There is some good news.  In general, many retail properties are well-located in their communities, along primary traffic corridors, quality ingress/egress, and visibility from approaches zones.   These site attributes that worked well for shopping centers, in many instances make for excellent locations for mixed-use repurposing – often at higher densities than prior retail use.   This higher density can allow for projects to carry affordable housing components, which is a dire need in most communities.

 

The other good news is that there are alternative anchors, and even all-new uses.   Active mixed-use anchors such as multi-family housing, senior housing and care facilities, sports and recreation venues, health care, local college and universities (and their satellites), and location-based entertainment, can be viable for specific locations.   And there are the additional possibilities although not with the same synergies, such as data centers, fulfillment and logistics warehouses, dark groceries, and the like.

 

Major Shopping Centers Getting Redeveloped and Repurposed

Malls that have obsolescent designs or less than optimal locations given their customer support, are in particular risk during this age of mall transformation.

 

For More Information

 

With regard to major shopping centers getting redeveloped – we are tracking announced mall repurposing efforts.   This list of such malls is growing each, and we can now refer to our mall redevelopment list, as the Top 100 Mall Redevelopment and Adaptive Re-Use Projects.

 

Our Top 100 Malls in Redevelopment list is available here:

 

> Shopping Mall Redevelopment and Re-Use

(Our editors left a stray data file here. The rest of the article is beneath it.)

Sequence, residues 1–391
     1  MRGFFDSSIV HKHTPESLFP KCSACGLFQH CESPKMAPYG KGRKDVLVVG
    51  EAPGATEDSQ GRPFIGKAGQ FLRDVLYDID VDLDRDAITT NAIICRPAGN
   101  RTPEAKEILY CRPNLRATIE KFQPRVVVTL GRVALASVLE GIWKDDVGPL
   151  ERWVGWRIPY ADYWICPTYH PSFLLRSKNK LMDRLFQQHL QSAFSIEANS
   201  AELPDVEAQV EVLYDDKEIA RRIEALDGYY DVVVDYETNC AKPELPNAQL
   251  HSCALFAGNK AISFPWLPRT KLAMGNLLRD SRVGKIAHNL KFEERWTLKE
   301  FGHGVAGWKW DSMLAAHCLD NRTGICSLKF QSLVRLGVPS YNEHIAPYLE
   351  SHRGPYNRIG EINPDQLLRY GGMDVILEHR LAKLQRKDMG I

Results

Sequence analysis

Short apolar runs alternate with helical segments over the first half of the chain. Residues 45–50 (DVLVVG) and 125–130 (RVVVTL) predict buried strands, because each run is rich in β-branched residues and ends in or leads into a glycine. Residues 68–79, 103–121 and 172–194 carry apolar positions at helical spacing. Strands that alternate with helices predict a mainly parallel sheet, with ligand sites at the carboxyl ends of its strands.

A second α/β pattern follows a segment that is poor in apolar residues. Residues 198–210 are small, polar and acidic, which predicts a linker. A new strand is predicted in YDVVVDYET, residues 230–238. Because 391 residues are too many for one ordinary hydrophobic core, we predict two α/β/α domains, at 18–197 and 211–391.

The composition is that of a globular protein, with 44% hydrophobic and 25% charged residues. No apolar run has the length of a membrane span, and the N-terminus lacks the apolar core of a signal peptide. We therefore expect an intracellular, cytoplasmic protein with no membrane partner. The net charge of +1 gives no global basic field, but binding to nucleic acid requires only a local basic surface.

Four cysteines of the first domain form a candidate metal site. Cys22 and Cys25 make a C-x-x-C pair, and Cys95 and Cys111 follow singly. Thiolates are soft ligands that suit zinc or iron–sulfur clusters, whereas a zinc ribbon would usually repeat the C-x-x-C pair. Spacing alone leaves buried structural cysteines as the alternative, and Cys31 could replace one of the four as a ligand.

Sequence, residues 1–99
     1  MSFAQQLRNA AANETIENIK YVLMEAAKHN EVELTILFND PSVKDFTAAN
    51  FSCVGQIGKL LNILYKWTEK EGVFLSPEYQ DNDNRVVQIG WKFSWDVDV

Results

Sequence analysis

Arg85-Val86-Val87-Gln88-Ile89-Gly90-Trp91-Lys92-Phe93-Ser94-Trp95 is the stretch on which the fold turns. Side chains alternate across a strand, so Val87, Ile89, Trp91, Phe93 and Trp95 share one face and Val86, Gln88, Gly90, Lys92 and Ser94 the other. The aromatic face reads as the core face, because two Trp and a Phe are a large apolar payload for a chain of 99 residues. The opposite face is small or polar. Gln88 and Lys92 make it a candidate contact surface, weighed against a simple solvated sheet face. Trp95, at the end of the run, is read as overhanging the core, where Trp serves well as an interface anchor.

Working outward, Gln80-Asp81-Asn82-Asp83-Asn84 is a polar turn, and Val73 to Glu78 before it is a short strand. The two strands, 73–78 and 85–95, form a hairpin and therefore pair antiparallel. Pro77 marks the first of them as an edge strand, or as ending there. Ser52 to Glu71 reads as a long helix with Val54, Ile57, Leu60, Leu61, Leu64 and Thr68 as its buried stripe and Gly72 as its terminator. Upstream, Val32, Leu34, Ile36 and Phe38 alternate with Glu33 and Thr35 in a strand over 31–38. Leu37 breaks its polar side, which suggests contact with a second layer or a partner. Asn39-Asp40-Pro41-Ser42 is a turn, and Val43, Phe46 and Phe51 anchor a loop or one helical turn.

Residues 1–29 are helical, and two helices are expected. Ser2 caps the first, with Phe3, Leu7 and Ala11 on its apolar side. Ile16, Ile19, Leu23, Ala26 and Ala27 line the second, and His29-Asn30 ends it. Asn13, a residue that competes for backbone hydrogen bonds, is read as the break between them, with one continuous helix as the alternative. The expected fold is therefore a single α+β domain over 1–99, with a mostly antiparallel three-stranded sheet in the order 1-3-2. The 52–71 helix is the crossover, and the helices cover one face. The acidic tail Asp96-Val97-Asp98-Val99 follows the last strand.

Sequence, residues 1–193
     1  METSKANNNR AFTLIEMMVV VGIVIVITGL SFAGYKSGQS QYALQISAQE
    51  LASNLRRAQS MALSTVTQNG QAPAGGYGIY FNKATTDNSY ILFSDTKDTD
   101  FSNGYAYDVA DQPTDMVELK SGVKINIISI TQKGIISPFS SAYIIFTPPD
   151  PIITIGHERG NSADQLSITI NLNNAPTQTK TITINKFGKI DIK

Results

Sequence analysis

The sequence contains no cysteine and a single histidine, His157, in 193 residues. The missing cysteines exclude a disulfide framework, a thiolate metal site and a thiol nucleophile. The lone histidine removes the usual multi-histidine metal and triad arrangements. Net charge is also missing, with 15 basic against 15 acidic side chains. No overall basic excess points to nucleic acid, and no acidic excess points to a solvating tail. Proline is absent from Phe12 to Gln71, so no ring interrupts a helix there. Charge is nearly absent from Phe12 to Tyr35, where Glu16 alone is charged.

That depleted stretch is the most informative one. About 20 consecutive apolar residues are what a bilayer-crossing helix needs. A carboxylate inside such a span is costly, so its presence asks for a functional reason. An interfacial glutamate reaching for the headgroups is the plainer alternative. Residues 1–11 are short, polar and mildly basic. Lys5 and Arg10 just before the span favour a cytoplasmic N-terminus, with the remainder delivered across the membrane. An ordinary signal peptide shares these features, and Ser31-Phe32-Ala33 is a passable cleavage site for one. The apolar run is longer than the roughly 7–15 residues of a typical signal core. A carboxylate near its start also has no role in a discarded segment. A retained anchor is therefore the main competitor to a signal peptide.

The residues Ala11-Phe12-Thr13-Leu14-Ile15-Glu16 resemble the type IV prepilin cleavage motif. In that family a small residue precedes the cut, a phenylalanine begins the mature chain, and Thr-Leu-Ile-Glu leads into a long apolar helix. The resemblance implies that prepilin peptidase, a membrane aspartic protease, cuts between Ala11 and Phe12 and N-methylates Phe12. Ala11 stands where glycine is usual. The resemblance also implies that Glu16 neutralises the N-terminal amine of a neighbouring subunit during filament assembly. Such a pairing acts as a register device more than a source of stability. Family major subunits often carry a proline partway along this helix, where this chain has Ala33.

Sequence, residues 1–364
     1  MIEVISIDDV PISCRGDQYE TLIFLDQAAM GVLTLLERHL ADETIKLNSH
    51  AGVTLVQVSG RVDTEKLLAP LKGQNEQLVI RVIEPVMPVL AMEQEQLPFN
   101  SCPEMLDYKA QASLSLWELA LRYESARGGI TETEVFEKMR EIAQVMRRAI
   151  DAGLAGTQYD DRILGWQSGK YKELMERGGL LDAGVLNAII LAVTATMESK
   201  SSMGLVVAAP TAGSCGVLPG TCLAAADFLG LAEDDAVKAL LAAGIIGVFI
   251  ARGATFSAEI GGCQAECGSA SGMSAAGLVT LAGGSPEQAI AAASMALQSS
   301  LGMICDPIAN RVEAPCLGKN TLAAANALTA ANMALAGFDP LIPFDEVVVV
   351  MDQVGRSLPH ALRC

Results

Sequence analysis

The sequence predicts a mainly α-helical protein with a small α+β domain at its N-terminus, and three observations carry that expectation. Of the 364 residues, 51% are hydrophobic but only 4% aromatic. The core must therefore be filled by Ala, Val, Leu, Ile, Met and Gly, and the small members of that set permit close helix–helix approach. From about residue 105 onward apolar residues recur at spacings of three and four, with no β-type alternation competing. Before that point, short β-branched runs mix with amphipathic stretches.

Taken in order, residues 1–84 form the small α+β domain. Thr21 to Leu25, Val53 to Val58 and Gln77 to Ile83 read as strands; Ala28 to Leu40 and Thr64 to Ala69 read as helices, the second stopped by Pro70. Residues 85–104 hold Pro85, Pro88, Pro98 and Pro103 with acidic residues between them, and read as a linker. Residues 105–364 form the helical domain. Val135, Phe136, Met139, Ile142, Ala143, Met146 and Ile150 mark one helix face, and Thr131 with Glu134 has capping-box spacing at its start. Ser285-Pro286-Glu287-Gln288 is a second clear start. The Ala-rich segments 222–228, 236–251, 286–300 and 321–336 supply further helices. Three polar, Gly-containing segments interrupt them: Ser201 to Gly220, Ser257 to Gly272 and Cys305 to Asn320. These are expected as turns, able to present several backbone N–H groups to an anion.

The World's Largest Mega Projects

The World’s Largest Mega Projects – the Latest

The world’s largest mega projects are tracked in our Global Top 100 index, including primarily private-sector and public-private real estate projects.  The largest of these mega projects are typically mixed-use (or multi-use as the Urban Land Institute may suggest), involve regeneration (redevelopment) of existing properties, and cost in excess of USD $1 billion.

 

There is great variety in these megaprojects.  In general, no two are alike since each is customized to its location, setting, and economic circumstances.   Some such as  the redevelopment of Philadelphia Energy Solutions’ refinery in Philadelphia include a large land area (here, 1,300 acres) and a vision of a huge build-out (15 million square feet).  Other mega-projects are developed at much higher densities on smaller project sites.  Sunnyside Yard Queen in New York is a proposed $14.5 billion development on 180 acres, that would include 12,000 house units.

 

During 2020, the Covid-19 pandemic has not obviated interest in these projects proceeding, and in fact, new projects have been announced.

 

The Global Top 100 Mega Projects also include what are essentially, all-new cities.   Eko Atlantic in Lagos (Nigeria) is situated on 2,471 acres of coastal landfill and is well into development.   Egypt’s new capital city is under construction east of Cairo, and is a massive investment intended to fully replace Cairo in its central governance role.

 

The public sector is frequently a partner in these projects since the regional economic development impact can be enormous, net of public investment in infrastructure and other incentives.

 

During 2020, the Covid-19 pandemic has certainly impacted the planning and construction of new mega projects, but in general, has not obviated investor and governmental interest in these projects proceeding.  In fact, new projects have been announced in the midst of the pandemic.

 

 

The World's Largest Mega Projects

 

 

Defining a Mega-Project

Most definitions offered for mega projects define such projects as having a capital budget in excess of USD $1 billion. According to the Oxford Handbook of Megaproject Management, “Megaprojects are large-scale, complex ventures that typically cost $1 billion or more, take many years to develop and build, involve multiple public and private stakeholders, are transformational, and impact millions of people.”

 

For more Information

Our ongoing mega project research is available here > Global Top 100 Mega Projects – the Latest List